Reading the article, it seems like they define VGG54 as the loss calculated from the euclidean distance between the $\phi_{5,4}$ feature maps derived from both the high and low resolution images using the VGG19 network. Where $\phi_{i,j}$ is defined as "the feature map obtained by the j-th convolution (after activation) and before the i-th max-pooling layer ...

4

Why people often choose the input to a GAN (z) to be samples from a Gaussian? Generally, for two reasons: (1) mathematical simplicity, (2) working well enough in practice. However, as we explain, under additional assumptions the choice of Gaussian could be more justified. Compare to uniform distribution. Gaussian distribution is not as simple as uniform ...

4

I think that there are several issues with your model: First of all - Your generator's loss is not the generator's loss. You have on binary cross-entropy loss function for the discriminator, and you have another binary cross-entropy loss function for the concatenated model whose output is again the discriminator's output (on generated images). The "...

4

Training GANs is only a partially unsupervised task, IMHO. It's certainly unsupervised for the Generator, but it's supervised for the Adversarial Network. So it might be useful to test the Disciminator's ability to distinguish fake and true cases on new data it has never seen before. In other words, it makes sense to split your dataset in train(-validation)-...

3

The parts of your code that need to be inside the with tf.device('/gpu:0'): context is the actual computation graph, where the neural network lives. All the parameters that should be updated on the GPU should be defined within there. I don't know tflearn very well, but I assume if you wrap the code from IN 6 to IN 12 inside the context manager, it should ...

3

There is even more specific research on this topic: The trained generator is capable of producing sentences with certain level of grammar and logic. Xuerong Xiao, "Text Generation using Generative Adversarial Training" This question relates to this one: https://linguistics.stackexchange.com/questions/26448/how-to-translate-pelevins-creative-unit-idea-...

3

In terms of generating an image "layer", that is just the same as generating an output image that can be overlaid on the input using standard graphics software. If you want pixel-level accuracy in the output then the output will need to be the same size as the input, otherwise it could be smaller, provided it is the same aspect ratio, and in which case it ...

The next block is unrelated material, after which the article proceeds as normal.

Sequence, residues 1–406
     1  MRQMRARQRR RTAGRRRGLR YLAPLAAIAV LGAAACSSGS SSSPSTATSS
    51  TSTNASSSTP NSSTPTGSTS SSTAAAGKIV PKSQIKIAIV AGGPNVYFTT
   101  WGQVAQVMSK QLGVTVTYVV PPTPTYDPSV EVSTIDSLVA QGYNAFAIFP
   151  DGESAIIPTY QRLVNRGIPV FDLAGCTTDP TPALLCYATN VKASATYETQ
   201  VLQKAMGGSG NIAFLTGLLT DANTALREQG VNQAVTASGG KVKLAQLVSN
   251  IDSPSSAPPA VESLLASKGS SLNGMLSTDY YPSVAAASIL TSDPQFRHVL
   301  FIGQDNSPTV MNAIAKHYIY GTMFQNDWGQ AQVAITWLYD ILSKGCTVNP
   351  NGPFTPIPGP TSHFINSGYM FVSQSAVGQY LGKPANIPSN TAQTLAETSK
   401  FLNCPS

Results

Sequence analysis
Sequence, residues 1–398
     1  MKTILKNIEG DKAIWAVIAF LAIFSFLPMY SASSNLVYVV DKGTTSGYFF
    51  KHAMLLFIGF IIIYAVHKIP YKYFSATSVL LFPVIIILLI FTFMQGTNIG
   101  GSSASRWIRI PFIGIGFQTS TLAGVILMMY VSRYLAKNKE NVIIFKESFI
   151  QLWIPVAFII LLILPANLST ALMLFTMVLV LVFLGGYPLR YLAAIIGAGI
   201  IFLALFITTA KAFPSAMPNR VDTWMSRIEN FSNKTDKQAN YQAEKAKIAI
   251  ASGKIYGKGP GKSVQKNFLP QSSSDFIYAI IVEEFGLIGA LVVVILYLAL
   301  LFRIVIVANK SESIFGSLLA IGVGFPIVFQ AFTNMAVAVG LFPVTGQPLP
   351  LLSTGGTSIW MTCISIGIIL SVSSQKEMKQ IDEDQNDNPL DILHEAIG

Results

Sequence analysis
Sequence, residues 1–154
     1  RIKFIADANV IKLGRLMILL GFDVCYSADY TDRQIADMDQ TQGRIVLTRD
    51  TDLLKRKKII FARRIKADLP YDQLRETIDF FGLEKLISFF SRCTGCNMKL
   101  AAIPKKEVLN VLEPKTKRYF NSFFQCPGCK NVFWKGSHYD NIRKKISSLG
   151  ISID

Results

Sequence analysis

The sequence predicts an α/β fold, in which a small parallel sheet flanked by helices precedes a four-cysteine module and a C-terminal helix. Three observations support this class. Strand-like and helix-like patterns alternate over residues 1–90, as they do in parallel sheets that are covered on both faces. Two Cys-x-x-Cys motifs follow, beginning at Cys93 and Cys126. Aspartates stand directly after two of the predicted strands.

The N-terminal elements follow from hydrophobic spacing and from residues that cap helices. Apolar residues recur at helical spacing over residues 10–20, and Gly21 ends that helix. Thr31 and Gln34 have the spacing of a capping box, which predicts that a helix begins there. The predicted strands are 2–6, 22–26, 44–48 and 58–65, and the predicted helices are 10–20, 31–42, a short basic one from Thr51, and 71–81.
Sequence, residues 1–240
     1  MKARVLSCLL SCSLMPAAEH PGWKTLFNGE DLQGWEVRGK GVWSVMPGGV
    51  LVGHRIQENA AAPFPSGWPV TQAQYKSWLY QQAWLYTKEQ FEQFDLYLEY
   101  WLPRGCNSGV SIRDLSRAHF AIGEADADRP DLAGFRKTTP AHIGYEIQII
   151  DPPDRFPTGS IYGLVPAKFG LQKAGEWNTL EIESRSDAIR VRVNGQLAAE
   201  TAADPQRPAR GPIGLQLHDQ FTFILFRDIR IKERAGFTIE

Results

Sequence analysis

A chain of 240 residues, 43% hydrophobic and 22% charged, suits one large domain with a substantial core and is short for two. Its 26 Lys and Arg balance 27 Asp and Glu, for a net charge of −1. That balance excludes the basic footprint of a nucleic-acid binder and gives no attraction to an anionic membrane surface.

3

I have the exact same issue with a DNN that I am currently building. Taking my data set and synthesizing new data with a GAN seems like a great idea. But the GAN itself will only learn to output images with the same image variance and standard deviations as was learned in the training set. So your newly generated data will simply represent more permutations ...

3

Just from a purely theoretical perspective this cannot be possible. Any given training dataset represents a certain amount of information about the structure of a certain space. If you train a GAN on this dataset, it will only ever learn from the information represented by that dataset. The data synthesized by the GAN can never be from a larger space than ...

3

If you are using WGAN with Gradient Penalty, I think the Framework you are using is the limited factor since computing all the gradients will take time. If you are using WGAN with Gradient Penalty one way to get faster results is to omit the gradient penalty and just do weight clipping as mentioned in original WGAN Paper. But be careful in Improved WGAN (...

3

There is really nothing special about the backpropagation algorithm in a generative adversarial network (GAN). It is the same as that of a convolutional neural network (CNN), as CNNs are usually what the generator and discriminator of the GAN are made of. I will assume the MNIST toy example for the explanation and I will provide code to get a GAN working ...

3

In the subsection of the figure, they compute the average loss across 100 iterations, which is why the loss is monotonically decreasing because on average the loss does decrease with the training. You are correct in inferring that if this was reported on an iteration to iteration basis, the loss would be a zig zag curve, which is less nice to look at than a ...

3

I would doubt there's a single correct answer for best available architecture, but the current best results come from this paper by NVIDIA and this technical report by Adobe. The latter paper is the second iteration of the repo you linked. Both papers focus on non-rectangular inpainting, which seems to be your targeted interest. Neither has publicly ...

3

Passing directly the output of the softmax is also common (among the few textual GANs out there), e.g. see the improved Wasserstein GANs (WGAN-GP). With hard Gumbel-softmax (+ straight-through estimator), you pass one-hot encoded vectors, which is the same as what you have with real data. If you pass the output of the softmax, the discriminator should be ...

3

Your notation is a little confusing, but I suspect this is because you're not reading the original equation exactly right. $\mathbb{E}_{x \sim p_{data}(x)}$ means "the expectation over $x$ drawn from the distribution described by $p_{data}(x)$". It looks like you're trying to multiply the expected value of $x$ times $\log(D(x))$ for all $x$, which isn't what'...